Harley Marine ‘shines a light’ with new tug

When Harley Franco built his company’s new world headquarters on Seattle’s Harbor Island, he designed it to be a gathering space for company and industry events. Inside the front door, a large atrium with a salt-water pool and a grand piano provide an elegant entry. An adjacent meeting room opens to the atrium. Floor to ceiling windows look north at downtown Seattle and a waterway flanked by Port of Seattle container cranes. A large outside plaza is equipped with a gas fire pit and outdoor furniture. Company vessels can tie up right next to the building. It’s a beautiful and functional facility.

Michelle SloanLast Friday, about 100 people gathered there to celebrate the arrival of Harley Marine’s newest harbor tug and to commemorate the woman it’s named for, Michelle Sloan. The Michelle Sloan is an 80’x36′ Z-drive ship-assist tug designed by Robert Allan Ltd., Vancouver, British Columbia, and built by Diversified Marine Industries, Portland, Ore.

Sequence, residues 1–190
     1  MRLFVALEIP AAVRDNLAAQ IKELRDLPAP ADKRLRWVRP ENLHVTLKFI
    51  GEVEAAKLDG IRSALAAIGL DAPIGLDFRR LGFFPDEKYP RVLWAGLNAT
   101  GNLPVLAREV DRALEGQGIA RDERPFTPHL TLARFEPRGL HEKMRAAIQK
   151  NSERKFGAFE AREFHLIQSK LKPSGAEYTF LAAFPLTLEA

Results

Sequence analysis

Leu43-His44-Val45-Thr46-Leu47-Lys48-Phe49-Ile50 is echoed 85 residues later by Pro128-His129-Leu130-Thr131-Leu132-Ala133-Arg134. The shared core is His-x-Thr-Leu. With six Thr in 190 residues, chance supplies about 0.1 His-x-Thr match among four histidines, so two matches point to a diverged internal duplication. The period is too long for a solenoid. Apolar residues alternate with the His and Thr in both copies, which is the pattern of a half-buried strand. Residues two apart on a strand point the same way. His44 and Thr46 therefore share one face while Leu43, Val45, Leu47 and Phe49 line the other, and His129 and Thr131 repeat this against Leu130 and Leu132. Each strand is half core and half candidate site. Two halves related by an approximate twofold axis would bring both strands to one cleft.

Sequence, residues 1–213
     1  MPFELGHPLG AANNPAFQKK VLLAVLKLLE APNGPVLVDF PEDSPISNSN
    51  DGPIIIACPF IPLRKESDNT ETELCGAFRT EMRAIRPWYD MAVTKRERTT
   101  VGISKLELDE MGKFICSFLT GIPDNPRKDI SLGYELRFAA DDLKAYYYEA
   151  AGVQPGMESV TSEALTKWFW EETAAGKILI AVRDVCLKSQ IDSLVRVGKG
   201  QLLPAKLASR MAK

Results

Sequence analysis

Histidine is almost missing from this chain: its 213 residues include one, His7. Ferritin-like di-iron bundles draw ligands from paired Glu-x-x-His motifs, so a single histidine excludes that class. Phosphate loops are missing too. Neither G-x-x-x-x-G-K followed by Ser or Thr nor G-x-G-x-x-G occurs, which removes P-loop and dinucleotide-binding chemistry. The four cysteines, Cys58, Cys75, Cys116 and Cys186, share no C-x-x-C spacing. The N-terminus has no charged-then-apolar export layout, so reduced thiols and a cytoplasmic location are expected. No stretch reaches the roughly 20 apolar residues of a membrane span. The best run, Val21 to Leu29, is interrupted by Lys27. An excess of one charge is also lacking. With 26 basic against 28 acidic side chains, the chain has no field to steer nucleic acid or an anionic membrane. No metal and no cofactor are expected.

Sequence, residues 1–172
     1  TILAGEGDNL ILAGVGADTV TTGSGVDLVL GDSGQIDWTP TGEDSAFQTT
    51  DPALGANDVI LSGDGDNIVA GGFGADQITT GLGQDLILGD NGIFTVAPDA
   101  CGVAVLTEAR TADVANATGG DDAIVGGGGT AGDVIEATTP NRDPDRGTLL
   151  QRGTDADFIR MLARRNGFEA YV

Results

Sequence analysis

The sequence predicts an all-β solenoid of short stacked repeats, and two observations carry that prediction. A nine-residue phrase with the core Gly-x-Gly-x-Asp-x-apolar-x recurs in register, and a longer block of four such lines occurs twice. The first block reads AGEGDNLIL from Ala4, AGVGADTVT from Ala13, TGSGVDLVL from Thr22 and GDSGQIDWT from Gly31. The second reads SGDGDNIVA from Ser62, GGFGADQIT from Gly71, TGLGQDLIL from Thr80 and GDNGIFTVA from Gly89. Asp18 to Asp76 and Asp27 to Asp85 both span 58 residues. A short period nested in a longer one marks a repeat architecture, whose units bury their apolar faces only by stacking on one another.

Michelle Sloan, the woman, was a close friend of Harley Franco and his wife, Lela. After battling breast cancer for over a decade, Michelle passed away last November. The new tug was named in her honor. The Michelle’s sister vessel, which is currently under construction in Portland, will be named the Lela Franco. Together, the names “shine a light on powerful women in the marine industry and the impact they have in our community,” said Franco.

The new tug will soon join Harley Marine’s fleet of shipdocking tugs in Southern California. It’s a powerful and impressive vessel. Long may she run. 

About the author

Bruce Buls

With a degree in English literature from the University of Washington (Go Dawgs!), journalism experience at the once-upon-a-time Seattle P-I, and at-sea experience as a commercial fisherman in Washington and Alaska, Bruce Buls has forged a career in commercial marine trade journalism, including stints at Alaska Fishermen’s Journal and National Fisherman, WorkBoat’s sister publications. Bruce spent 16 years as WorkBoat's technical editor before retiring in May 2015. He lives on Puget Sound’s Whidbey Island, about 20 miles north of Seattle (go 'Hawks!).

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